The Korf Blog

The inside story: our research,
development and opinions

17 April 2019
Headshell Performance — Orsonic AV-101b
In this series of articles, we measure the performance of removeable tonearm headshells. Today, the subject is the Orsonic AV-101b.

I've encountered this kind of headshells before, and always admired the seemingly excessive complexity. Come on, it's just a headshell, right? Right? ...

Orsonic AV-101b consists of cast or CNC'd aluminium "bridges" connected by 2 steel rods. The weight without the wires and mounting hardware is 14.5 grams. There is no fingerlift.
I love epoxy powder coating. Blessed be the engineers who specify it for finishing the parts I need to put an accelerometer on. No problems with getting good adhesion whatsoever.

Here's the trace of Orsonic's IET measurement. For comparison's sake, I've included oscilloscope traces from the most and least rigid headshells so far: AT-LH13 and SME 3009. The trace looks fairly neat, with the vibrations dying down quickly.
Orsonic AV-101b
SME 3009
Here are the spectrogram comparisons. First, with the SME 3009:
Then, with the AT-LH13 that is the stiffest we've measured so far:
And this is absolutely remarkable measured performance! There is just one high Q, but low amplitude resonance at about 480 Hz. Please note the lack of harmonics too. Our experience with tonearms show that this kind of resonance is the most benign sonically.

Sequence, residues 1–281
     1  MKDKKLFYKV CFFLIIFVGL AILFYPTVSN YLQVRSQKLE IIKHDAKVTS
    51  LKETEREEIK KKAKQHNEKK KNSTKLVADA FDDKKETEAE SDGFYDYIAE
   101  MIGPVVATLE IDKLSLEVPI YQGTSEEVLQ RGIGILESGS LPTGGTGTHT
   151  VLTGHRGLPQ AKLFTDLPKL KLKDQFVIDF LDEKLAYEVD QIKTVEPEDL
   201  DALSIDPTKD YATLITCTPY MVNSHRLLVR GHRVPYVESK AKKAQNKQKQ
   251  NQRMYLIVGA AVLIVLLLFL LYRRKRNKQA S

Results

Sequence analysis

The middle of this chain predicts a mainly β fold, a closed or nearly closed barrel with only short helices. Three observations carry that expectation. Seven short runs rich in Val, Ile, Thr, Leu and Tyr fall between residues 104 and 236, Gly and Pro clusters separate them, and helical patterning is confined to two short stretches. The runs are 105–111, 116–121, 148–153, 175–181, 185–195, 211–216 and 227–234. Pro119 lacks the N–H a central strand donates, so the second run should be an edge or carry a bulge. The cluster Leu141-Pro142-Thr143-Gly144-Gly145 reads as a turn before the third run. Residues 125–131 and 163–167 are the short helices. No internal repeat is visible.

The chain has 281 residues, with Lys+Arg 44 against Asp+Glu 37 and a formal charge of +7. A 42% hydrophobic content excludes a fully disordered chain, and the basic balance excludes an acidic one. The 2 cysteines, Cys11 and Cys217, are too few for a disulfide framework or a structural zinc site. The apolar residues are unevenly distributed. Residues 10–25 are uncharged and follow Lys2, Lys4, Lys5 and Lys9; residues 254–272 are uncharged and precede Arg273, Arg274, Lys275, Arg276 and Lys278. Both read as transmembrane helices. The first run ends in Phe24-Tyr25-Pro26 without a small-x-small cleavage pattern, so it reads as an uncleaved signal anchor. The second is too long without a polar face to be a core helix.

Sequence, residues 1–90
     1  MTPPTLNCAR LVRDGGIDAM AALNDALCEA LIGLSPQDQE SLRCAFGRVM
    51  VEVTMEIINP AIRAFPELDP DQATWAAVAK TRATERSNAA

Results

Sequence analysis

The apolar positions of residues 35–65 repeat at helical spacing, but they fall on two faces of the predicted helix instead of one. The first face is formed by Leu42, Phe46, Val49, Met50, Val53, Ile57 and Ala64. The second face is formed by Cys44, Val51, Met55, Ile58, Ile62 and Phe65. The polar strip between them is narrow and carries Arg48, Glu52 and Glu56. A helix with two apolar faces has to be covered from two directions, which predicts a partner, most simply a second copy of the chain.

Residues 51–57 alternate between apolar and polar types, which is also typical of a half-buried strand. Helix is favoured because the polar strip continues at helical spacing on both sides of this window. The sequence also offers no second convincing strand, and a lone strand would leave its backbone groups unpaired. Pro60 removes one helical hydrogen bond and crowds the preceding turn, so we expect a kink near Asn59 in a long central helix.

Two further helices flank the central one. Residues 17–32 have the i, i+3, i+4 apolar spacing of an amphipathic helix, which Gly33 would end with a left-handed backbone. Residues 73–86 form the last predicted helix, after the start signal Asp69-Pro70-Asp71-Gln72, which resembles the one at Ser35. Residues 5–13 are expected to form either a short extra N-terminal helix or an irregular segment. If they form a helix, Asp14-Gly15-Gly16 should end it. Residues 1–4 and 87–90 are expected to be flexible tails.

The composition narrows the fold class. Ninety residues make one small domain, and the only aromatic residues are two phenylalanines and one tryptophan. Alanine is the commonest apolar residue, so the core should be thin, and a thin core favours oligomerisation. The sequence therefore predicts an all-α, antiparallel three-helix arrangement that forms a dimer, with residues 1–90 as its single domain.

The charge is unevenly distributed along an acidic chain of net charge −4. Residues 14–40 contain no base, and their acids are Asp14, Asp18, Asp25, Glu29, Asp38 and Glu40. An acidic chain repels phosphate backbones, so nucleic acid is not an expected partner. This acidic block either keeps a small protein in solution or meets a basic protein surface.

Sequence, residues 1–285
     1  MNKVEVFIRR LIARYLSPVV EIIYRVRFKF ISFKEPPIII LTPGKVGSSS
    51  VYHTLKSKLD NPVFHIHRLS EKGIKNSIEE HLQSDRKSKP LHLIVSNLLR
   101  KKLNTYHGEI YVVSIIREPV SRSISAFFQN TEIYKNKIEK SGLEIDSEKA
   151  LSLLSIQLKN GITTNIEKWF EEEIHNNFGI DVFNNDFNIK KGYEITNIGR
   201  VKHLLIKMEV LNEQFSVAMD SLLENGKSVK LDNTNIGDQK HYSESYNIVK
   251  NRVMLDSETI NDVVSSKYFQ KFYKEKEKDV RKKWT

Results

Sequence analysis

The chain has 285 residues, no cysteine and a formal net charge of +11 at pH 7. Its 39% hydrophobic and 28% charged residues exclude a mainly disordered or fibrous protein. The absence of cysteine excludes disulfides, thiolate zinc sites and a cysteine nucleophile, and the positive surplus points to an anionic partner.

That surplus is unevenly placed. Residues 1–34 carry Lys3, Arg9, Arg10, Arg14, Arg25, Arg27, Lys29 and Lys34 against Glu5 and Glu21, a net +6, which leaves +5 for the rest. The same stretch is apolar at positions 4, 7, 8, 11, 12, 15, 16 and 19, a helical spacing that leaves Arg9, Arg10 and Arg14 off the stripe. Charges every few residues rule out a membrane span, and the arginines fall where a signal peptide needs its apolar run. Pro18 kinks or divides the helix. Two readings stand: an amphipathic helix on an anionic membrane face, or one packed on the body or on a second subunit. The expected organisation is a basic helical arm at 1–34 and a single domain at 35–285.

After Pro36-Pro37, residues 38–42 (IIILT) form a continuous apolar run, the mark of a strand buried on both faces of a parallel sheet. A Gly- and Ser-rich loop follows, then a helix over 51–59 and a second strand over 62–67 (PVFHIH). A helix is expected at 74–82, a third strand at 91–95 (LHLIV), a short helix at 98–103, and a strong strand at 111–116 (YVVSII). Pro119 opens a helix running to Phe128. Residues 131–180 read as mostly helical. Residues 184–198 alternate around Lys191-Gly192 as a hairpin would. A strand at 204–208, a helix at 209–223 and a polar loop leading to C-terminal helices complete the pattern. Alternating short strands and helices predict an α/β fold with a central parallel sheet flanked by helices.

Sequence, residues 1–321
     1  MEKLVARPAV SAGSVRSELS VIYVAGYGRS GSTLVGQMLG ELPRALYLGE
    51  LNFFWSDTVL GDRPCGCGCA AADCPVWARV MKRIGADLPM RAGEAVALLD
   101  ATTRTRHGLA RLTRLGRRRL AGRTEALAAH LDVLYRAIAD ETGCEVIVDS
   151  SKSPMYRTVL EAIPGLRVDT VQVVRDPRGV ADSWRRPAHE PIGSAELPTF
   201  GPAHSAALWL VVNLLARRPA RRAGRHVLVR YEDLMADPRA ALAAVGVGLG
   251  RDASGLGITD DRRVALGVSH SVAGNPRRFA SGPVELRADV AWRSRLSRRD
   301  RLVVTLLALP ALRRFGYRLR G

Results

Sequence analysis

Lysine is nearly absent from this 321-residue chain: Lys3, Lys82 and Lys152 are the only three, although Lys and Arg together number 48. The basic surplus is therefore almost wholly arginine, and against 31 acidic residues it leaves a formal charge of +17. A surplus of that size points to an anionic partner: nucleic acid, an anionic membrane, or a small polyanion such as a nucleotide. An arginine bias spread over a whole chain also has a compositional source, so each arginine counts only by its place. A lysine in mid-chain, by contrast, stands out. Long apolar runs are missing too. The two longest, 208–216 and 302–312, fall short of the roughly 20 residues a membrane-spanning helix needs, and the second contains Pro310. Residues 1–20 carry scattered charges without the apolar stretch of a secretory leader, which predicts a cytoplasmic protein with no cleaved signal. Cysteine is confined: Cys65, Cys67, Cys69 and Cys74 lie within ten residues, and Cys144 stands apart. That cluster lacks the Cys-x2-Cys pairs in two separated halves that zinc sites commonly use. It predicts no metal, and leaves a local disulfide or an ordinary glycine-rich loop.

There's a much stronger one at 15 kHz, but you have to keep in mind it's way above accelerometer's specified frequency limits. We can say that it's definitely there, and it's high-Q, but its amplitude is an estimate at best.

The waterfall plot confirms what we've seen on the spectrograms. All is quiet after 100 milliseconds.

Here are the results of the IET measurement with a Technics EPC-U24 cartridge attached.

The main mode shifted down to about 300Hz. The rest of the spectrogram looks more "orderly" than AT-LH13's, there's less smearing going on.

Orsonic's mechanical complexity is there for a reason
When it comes to measurements, we have a new champion. This is the most rigid headshell we have tested yet. Looks like all that mechanical complexity is there for a reason.

I am not surprised by how desirable this style of headshell is. If we are correct in our assumptions, the measurements point to very good subjective performance.
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